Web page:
Thailand: Recession Reins In Violence


June 6, 2009: Another victim of the recession is the air force, which will have to wait a few years to get the six new jet fighters it wanted. Six Gripens are already on order, for delivery in two years, but the second six will have to wait at least a few more years.

Back in 2007, the air force, by virtue of their being part of a military dictatorship then running the government, got authority to spend $1.1 billion over the next decade to buy twelve Swedish JAS 39C/D ("Gripen") jet fighters, and two AEW (airborne radar) aircraft. The JAS 39s were to replace a squadron of 14 elderly (1970s) U.S. F-5 fighters. The air force wanted F-16s (to complement the 59 already on hand), but the U.S. refused, because the military had recently tossed out the elected government and established a dictatorship.

The budget cuts are also delaying the planned purchase of 89 armored vehicles from Ukraine. Meanwhile, the army is increasing some spending. About $26 million will be spent for more riot gear. The shrinking economy (down 7.1 percent last quarter, versus 4.2 percent the previous quarter) is grabbing the attention of politicians, as well as soldiers. The Red Shirts (populists) and Yellow Shirts (royalists) are still out there, but for the moment the royalists, with the support of a minority of the population, control the government. This is not a stable situation.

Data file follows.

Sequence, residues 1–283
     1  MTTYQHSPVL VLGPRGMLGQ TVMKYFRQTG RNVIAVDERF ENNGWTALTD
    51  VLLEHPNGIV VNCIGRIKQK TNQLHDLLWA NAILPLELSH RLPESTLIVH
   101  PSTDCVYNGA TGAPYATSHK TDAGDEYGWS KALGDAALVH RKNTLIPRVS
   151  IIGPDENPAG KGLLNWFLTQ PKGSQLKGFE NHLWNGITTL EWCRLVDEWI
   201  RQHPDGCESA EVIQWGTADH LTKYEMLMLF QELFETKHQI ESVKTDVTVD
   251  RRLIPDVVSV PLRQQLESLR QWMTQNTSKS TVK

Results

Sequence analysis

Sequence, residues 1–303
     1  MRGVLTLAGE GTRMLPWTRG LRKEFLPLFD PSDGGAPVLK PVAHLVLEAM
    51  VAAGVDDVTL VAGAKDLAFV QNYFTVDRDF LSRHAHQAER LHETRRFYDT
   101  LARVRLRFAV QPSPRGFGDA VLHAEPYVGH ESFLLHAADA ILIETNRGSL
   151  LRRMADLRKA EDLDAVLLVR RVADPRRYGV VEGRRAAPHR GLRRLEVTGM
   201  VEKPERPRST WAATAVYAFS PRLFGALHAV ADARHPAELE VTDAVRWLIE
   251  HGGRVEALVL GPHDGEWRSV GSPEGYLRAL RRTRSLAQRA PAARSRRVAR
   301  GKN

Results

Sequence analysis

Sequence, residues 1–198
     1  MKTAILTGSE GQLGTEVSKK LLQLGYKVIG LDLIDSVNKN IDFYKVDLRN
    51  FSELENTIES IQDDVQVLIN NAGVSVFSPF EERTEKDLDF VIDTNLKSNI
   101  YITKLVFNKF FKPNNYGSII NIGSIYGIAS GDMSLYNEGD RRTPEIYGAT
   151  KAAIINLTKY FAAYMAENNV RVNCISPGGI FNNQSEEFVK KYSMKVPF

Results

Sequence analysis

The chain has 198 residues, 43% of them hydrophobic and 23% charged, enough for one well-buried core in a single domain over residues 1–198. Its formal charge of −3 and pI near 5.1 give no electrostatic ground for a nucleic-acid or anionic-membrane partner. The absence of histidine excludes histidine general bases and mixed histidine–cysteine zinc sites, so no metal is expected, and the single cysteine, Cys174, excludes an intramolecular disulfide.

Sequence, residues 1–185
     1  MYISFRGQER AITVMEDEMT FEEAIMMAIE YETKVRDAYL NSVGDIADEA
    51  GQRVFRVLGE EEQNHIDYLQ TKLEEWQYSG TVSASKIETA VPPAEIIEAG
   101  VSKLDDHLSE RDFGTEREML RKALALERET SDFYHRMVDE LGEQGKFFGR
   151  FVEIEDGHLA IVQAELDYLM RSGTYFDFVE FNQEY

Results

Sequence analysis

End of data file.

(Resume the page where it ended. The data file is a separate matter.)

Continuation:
June 5, 2009:  In a flare up of violence in the Moslem south, five people were killed in four attacks. Following the trend, more of these attacks are against Moslems, as the Islamic terrorists have been losing the support of the Moslem majority (about 80 percent) in the south. The terrorists are using more roadside bombs, and continue with drive by shootings and threats against civilians.


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